You can replace the parrot with mirrors.

Thanks everyone! Gives me a reason to use those gift cards from Christmas finally.

The parrot is cheaper:winkgrin::winkgrin:

KBEquine
May. 17, 2012, 09:11 PM
The parrot is cheaper:winkgrin::winkgrin:

I'm pretty sure that means that you have never lived with a parrot . . .

KBEquine, who shares her house with in descending order of size):

1 Greenwing macaw, 1 Yellow Crown Amazon, 1 Congo African Grey, 1 Panama Amazon, 2 budgies, 2 Linnies, ALL messy, bite-y & expensive to feed & vet! Also, all loved!h

littlemanor
May. 18, 2012, 02:18 PM
My husband is writing a book that could be for you, a handbook for the training-level rider that attempts to explain the basic principles in a way that a beginner can understand, and also explains judging. Do you read e-books? Maybe we could send you the file as advance consumer testing, so to say . . . it will be out on Amazon soon. If you are interested, message/e-mail, and I'll try to figure out how to send the e-book file to you.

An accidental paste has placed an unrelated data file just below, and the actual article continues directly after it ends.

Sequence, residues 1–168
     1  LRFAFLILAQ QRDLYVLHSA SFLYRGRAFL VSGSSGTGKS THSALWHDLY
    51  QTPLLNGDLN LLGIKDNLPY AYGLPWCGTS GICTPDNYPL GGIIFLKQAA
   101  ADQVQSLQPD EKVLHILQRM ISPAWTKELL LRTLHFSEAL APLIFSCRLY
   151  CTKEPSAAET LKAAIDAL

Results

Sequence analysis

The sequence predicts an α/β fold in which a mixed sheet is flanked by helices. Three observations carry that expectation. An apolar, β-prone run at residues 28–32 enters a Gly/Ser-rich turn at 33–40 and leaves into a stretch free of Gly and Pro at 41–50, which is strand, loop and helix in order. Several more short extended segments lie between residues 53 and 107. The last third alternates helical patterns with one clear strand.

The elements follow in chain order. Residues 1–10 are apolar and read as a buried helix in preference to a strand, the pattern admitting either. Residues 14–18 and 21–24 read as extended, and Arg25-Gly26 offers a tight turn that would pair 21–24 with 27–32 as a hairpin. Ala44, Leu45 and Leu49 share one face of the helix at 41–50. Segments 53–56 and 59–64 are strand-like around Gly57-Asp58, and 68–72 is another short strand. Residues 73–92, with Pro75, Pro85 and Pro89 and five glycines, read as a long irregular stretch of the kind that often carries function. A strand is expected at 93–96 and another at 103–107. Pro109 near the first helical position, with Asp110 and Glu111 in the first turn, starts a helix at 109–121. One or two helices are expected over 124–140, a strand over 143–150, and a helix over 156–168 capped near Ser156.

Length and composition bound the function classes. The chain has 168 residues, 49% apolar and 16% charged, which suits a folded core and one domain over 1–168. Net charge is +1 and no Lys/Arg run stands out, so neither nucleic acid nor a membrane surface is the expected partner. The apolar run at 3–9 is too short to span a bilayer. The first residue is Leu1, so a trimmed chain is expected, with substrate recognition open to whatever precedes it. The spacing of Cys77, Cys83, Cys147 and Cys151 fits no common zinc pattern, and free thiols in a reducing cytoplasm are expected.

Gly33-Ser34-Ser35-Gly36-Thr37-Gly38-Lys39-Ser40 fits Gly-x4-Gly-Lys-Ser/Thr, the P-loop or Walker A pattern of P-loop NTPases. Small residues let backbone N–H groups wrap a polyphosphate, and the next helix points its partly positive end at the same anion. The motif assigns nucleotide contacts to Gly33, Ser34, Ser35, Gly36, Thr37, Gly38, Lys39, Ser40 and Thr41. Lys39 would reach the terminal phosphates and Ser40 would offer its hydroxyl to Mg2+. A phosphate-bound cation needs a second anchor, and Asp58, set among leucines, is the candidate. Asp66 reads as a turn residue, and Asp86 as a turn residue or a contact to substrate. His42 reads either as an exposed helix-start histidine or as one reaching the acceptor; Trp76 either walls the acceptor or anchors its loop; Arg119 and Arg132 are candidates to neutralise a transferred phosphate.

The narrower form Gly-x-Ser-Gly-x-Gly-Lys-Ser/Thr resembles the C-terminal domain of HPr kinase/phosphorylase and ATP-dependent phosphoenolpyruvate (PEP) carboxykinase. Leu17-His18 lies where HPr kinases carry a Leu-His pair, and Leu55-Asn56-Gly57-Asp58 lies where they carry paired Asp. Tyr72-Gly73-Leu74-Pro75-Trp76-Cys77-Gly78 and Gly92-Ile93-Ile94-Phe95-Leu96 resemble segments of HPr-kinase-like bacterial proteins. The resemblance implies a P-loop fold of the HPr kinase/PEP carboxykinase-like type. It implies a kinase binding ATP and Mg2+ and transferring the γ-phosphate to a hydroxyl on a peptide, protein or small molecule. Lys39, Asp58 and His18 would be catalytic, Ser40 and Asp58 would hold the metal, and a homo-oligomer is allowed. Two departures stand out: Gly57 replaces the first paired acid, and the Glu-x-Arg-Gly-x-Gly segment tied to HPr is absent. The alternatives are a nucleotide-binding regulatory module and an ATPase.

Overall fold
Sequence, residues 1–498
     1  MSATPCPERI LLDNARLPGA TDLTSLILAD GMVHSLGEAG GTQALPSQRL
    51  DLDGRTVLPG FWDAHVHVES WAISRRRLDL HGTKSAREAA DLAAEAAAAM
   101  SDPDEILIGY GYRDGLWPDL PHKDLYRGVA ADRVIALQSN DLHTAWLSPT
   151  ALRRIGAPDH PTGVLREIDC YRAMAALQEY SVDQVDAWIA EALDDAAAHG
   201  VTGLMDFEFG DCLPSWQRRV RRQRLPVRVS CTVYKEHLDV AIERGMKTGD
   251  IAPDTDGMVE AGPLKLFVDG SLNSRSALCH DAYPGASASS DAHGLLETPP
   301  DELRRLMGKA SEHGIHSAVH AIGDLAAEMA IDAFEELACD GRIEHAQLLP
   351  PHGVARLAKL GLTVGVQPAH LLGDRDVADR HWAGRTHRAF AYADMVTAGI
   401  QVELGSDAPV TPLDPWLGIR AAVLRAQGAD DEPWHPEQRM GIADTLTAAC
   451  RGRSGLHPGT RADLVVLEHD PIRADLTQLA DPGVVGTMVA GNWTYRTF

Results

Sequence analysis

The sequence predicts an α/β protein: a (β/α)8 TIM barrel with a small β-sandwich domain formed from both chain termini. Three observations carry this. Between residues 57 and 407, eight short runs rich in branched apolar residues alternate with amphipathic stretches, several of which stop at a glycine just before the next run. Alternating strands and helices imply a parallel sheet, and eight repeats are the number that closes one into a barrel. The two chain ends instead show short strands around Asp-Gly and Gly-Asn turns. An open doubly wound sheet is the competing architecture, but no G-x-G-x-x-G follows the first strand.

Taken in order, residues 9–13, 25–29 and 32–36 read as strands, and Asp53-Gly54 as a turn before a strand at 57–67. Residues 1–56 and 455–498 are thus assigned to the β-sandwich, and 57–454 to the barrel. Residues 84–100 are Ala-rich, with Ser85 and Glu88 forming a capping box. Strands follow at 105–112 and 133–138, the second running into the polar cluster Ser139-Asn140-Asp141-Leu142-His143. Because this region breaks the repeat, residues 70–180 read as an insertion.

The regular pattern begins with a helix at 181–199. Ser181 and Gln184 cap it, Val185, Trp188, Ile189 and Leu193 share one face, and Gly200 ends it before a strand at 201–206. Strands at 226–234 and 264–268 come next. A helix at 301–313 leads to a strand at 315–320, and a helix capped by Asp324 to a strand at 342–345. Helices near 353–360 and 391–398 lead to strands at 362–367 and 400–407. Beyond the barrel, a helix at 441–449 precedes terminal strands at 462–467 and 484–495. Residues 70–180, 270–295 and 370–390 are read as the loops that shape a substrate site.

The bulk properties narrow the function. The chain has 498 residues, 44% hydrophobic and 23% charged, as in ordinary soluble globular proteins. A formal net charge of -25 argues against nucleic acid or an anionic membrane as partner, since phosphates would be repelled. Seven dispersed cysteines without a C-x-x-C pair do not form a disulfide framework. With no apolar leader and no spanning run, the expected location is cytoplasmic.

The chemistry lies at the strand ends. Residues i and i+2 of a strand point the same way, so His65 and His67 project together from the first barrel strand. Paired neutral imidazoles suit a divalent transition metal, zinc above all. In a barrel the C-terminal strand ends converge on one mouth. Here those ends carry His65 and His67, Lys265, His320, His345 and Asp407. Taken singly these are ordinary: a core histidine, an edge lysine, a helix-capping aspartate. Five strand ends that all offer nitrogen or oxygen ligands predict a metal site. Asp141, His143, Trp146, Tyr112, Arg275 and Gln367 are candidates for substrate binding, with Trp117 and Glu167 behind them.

littlemanor
May. 18, 2012, 02:20 PM
I'll also put a vote in for Mary Wanless, though they can be a bit chewy . . . her last was much easier to understand, though.

Gimbalist
May. 18, 2012, 04:09 PM
Steinbrecht's Gymnasium of the Horse. Hands down the IT book on dressage. Podhajsky is next but not as in depth, but great listing of exercises. Steinbrecht is where you can learn the true why, when and how of training. Ex. when is your horse ready to introduce shoulder-in? What is the balance you are looking for and why?

I think Riding Logic by Museler has a great section about rider position and cues as well as traditional exercises and how to use them.

Got talked into a Carl Hester book and wonder why people would bother. It's a book only a fan would think brilliant. Same with Kyra though I think more of her as a trainer (not that Hester is bad, but she's better) and her book is ok.

carolprudm
May. 18, 2012, 04:13 PM
Steinbrecht's Gymnasium of the Horse. Hands down the IT book on dressage. Podhajsky is next but not as in depth, but great listing of exercises. Steinbrecht is where you can learn the true why, when and how of training. Ex. when is your horse ready to introduce shoulder-in? What is the balance you are looking for and why?

I think Riding Logic by Museler has a great section about rider position and cues as well as traditional exercises and how to use them.

Got talked into a Carl Hester book and wonder why people would bother. It's a book only a fan would think brilliant. Same with Kyra though I think more of her as a trainer (not that Hester is bad, but she's better) and her book is ok.

Available on Kindle for $16.49